Neilly Series lecture by Allen Kurzweil
October 28, 2015
07:00 PM - 08:30 PM
Rush Rhees Library, Hawkins-Carlson Room
“Without time, we cannot learn. Without time, we cannot heal.”
Novelist, journalist, teacher, and inventor, Allen Kurzweil shares his unusual story of trauma and transcendence in his nonfiction chronicle, Whipping Boy. In the book, Kurzweil records his decades-long search for the boarding school bully who tormented him when he was just 10-years-old, and confronts the emotional and personal toll that resulted from that youthful encounter by facing down his ancient demon. An “investigative memoir” born of trauma and nourished by obsession, Whipping Boy provides a lens through which audiences young and not-so-young can reflect upon and overcome their own experiences of childhood injustice.
Kurzweil has earned high praise for his talks on writing, financial fraud, creativity, the dividends of procrastination, and the central place of libraries in American society. He regularly speaks before schools, religious organizations, and in corporate settings large and small.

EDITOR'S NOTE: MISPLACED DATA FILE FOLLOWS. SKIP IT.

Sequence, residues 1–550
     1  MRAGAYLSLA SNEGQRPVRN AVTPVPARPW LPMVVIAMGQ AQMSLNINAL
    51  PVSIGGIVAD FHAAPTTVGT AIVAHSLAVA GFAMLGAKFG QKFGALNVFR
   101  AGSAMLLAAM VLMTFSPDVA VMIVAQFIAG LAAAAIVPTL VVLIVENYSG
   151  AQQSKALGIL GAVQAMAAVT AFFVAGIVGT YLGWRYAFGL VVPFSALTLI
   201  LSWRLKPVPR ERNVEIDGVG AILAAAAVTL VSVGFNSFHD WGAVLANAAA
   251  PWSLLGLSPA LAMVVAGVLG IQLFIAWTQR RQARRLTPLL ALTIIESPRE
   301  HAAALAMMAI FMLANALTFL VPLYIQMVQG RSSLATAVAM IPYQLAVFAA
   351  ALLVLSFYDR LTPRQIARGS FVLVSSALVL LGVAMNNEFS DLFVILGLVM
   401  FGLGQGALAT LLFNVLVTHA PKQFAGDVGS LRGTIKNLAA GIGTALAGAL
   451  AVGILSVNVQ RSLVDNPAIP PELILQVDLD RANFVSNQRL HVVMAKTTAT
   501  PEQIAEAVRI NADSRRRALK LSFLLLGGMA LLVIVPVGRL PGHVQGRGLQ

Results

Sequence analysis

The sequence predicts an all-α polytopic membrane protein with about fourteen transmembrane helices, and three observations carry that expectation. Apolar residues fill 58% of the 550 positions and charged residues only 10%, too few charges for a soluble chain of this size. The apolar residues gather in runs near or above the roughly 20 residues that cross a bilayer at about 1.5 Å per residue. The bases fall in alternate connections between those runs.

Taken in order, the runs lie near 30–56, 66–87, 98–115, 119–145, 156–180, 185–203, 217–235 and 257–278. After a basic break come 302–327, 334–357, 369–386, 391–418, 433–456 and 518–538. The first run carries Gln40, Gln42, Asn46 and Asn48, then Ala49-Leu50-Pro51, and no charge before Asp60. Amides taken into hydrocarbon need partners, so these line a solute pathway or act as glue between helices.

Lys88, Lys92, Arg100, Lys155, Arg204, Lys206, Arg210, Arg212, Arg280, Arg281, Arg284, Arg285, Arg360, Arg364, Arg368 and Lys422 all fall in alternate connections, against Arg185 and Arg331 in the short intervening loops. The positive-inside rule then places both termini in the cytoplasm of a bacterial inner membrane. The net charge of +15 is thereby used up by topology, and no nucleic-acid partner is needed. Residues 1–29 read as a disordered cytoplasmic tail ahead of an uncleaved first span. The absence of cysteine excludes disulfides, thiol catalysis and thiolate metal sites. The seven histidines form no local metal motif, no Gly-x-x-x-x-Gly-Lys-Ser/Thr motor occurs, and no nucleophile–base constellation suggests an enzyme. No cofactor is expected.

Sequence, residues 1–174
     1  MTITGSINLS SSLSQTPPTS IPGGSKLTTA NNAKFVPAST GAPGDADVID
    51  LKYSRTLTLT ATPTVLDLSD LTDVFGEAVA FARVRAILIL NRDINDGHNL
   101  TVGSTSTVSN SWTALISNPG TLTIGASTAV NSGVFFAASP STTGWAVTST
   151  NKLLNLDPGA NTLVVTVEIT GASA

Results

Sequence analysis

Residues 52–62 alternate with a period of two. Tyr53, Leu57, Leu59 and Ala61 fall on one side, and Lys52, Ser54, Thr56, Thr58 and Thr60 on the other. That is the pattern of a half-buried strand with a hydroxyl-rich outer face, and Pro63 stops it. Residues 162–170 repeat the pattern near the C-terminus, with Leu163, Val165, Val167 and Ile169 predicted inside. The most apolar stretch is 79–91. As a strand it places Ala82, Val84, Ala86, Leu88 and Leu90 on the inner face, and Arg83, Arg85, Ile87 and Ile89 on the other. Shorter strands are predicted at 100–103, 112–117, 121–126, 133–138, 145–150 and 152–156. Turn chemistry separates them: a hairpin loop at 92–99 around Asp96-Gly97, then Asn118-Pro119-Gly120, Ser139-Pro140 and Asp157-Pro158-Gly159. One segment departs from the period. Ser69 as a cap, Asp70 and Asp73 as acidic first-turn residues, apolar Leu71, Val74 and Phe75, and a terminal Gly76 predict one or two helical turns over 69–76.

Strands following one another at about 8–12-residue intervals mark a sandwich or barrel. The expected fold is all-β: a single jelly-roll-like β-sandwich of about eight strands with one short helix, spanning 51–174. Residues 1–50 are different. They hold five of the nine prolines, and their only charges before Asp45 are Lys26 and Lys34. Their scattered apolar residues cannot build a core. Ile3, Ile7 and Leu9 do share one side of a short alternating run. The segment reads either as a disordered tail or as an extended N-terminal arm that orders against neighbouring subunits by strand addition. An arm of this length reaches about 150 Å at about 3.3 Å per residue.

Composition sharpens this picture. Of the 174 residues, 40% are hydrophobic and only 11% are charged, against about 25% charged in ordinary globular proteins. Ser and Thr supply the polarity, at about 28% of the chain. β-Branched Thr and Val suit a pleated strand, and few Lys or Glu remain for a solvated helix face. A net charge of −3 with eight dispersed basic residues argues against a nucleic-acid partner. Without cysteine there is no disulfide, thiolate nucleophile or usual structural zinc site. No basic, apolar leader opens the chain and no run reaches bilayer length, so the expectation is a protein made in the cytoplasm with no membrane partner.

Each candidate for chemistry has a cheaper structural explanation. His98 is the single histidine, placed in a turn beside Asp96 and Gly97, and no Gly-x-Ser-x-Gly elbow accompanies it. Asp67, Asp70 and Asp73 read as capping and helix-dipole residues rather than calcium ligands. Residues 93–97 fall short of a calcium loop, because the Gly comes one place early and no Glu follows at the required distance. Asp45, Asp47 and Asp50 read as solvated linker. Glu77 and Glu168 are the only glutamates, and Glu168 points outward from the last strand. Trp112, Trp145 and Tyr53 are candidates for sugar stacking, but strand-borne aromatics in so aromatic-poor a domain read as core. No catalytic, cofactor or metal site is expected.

Educated at Yale and the University of Rome, Kurzweil has written for numerous publications, including the New Yorker, the New York Times, the Wall Street Journal, and Vanity Fair. He has received fellowships from the Guggenheim Foundation, the Fulbright Commission, the National Endowment for the Humanities, and the Center for Scholars and Writers at the New York Public Library. In addition to his investigative work, Kurzweil is the author of literary fiction (A Case of Curiosities, The Grand Complication), children’s books (the bestselling Leon series), and experiment kits (Potato Chip Science).
The lecture is free and open to the public. Free parking is available in the Library Lot.
The Neilly Series is supported by the Andrew H. and Janet Dayton Neilly Endowment and the River Campus Libraries at the University of Rochester.
For more information, call 585-275-4461.
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